As well as myself, another staunch supporter of metric system adoption in the United States is Randy Bancroft, who writes a blog as “The Metric Maven.” He has a new book available called The Dimensions of the Cosmos: Tales From Sixteen Metric Worlds. It sells through Amazon for $19.95.
In the preface, the author states his intent as:
This books exists to address a problem most people don’t recognize: understanding the magnitudes of the world around us. This problem is almost invisible in countries which have used the metric system from the earliest days of its earliest days of inception. (p. iii)
He then goes on to point out that our lack of metric system adoption has left us with a mishmash (my word) of measures that make it difficult to gauge their comparative sizes between one unit and another. I couldn’t agree more.
The book itself includes a section on the metric system, and it includes references to both microscopes (and really small things) and astronomy (and really, really large things) and talks about the units themselves before starting to break down the relative sizes of the measures.
They run from the section Uniworld:
Uniworld is where we define the size of the metric units which are used as a basis. These basic units will be magnified or reduced to describe the Cosmos. (p.22)
Protons and neutrons, which make up the nuclei of atoms, are near one yoctogram in mass. (p.177)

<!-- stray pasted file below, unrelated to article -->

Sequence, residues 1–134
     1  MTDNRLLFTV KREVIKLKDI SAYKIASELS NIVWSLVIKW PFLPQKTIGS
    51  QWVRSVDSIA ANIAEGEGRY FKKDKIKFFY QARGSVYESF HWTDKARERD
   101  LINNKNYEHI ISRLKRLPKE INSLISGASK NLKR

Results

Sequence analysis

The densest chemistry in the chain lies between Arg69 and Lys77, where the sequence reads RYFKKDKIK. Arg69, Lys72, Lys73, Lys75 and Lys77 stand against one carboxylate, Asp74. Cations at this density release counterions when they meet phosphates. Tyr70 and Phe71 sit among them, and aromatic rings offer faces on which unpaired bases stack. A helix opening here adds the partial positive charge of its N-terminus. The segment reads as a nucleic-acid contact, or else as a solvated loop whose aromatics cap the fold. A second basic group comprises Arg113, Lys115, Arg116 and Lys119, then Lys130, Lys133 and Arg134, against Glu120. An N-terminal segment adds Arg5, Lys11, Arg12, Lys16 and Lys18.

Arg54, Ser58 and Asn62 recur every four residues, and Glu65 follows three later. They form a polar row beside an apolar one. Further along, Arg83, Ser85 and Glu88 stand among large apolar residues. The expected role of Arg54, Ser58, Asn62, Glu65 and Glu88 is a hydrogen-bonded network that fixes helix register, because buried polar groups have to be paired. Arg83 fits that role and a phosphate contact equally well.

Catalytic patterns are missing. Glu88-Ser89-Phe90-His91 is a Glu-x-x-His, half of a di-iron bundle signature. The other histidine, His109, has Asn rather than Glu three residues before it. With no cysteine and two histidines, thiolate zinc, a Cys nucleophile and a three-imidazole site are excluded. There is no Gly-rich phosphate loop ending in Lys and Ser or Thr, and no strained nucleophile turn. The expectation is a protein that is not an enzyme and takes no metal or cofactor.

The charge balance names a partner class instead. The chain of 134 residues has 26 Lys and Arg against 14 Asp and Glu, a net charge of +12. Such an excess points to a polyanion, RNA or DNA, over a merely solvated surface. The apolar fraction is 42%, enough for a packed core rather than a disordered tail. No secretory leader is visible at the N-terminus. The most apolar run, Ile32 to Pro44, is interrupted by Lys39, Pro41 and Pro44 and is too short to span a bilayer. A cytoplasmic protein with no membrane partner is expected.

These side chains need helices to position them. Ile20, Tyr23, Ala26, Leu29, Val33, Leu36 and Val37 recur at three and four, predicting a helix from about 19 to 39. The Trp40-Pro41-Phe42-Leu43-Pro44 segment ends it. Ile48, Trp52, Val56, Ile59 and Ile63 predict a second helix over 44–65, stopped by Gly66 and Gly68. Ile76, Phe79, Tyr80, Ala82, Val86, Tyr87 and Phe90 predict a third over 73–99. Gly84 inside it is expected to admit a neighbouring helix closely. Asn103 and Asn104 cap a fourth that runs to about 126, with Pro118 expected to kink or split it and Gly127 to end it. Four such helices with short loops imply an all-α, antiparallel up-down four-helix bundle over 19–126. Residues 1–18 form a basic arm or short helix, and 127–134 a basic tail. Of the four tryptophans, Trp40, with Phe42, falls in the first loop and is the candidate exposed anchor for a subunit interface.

He covers the metric units in all their various sizes.
For instance, in Uniworld, he points out that the section:
…is about the world from 1 meter to 1000 meters but by using human dimensions as a lower end reference, we end up comparing values which are often less than one meter for context. (p.23)
He also includes a number of examples to try to help the reader grasp the various units such as:
The largest known meteorite is the Hoba meteorite in Nambia [sic] in southwestern Africa…The meteorite remains where it fell because of its large mass, 60 Megagrams. (p. 57)
The Baobab tree stores up to 100 Kiloliters of water in its trunk, which it uses to survive droughts. The volume of water stored is about four times the displacement of the diesel engine. (p. 57)
Ultimately, I’m not sure how helpful some of these references are since I doubt many people can immediately imagine what a Baobab tree looks like so the liter citation has a context.
He also uses the opportunity of the book to make a case for working only in millimeters.
The reason for this retreat from centimeters, is that for most practical everyday purposes, millimeters allow people to use integers without the need for any decimal arithmetic. (p.13)
Throughout the book he also begins “larger” metric units with uppercase letters and “smaller” units begin with lowercase letters (see image). The only problem with that is IT IS NOT the current naming convention. I worry that readers less familiar with the metric system might be misled into thinking that his use is accepted but it is not. I’d hate for anyone to get led down the wrong path unknowingly.
In any case, if you have any interest in the subject matter, I encourage you to purchase the book in an effort to support another person who has devoted considerable time helping our country figure out the error of our ways.